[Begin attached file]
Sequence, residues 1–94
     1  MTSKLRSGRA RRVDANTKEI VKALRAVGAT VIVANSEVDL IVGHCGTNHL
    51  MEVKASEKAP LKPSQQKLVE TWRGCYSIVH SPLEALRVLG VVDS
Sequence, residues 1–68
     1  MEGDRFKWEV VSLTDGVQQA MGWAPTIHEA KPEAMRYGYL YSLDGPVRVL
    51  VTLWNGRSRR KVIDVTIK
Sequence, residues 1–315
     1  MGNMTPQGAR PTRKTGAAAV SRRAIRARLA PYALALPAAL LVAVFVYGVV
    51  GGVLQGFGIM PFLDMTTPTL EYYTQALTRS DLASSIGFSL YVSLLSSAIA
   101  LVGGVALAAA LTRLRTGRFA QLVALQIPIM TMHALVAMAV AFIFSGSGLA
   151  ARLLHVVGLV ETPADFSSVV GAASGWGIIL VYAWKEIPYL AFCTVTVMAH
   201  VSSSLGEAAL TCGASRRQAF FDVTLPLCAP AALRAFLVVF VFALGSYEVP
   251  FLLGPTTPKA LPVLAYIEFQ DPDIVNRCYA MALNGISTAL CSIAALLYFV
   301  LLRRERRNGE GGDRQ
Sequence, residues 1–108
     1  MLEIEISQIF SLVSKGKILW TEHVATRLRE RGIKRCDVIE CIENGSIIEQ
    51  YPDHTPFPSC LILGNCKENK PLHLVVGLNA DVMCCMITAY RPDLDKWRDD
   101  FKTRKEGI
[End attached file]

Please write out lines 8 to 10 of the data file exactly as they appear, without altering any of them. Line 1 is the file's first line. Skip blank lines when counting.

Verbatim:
     1  MGNMTPQGAR PTRKTGAAAV SRRAIRARLA PYALALPAAL LVAVFVYGVV
    51  GGVLQGFGIM PFLDMTTPTL EYYTQALTRS DLASSIGFSL YVSLLSSAIA
   101  LVGGVALAAA LTRLRTGRFA QLVALQIPIM TMHALVAMAV AFIFSGSGLA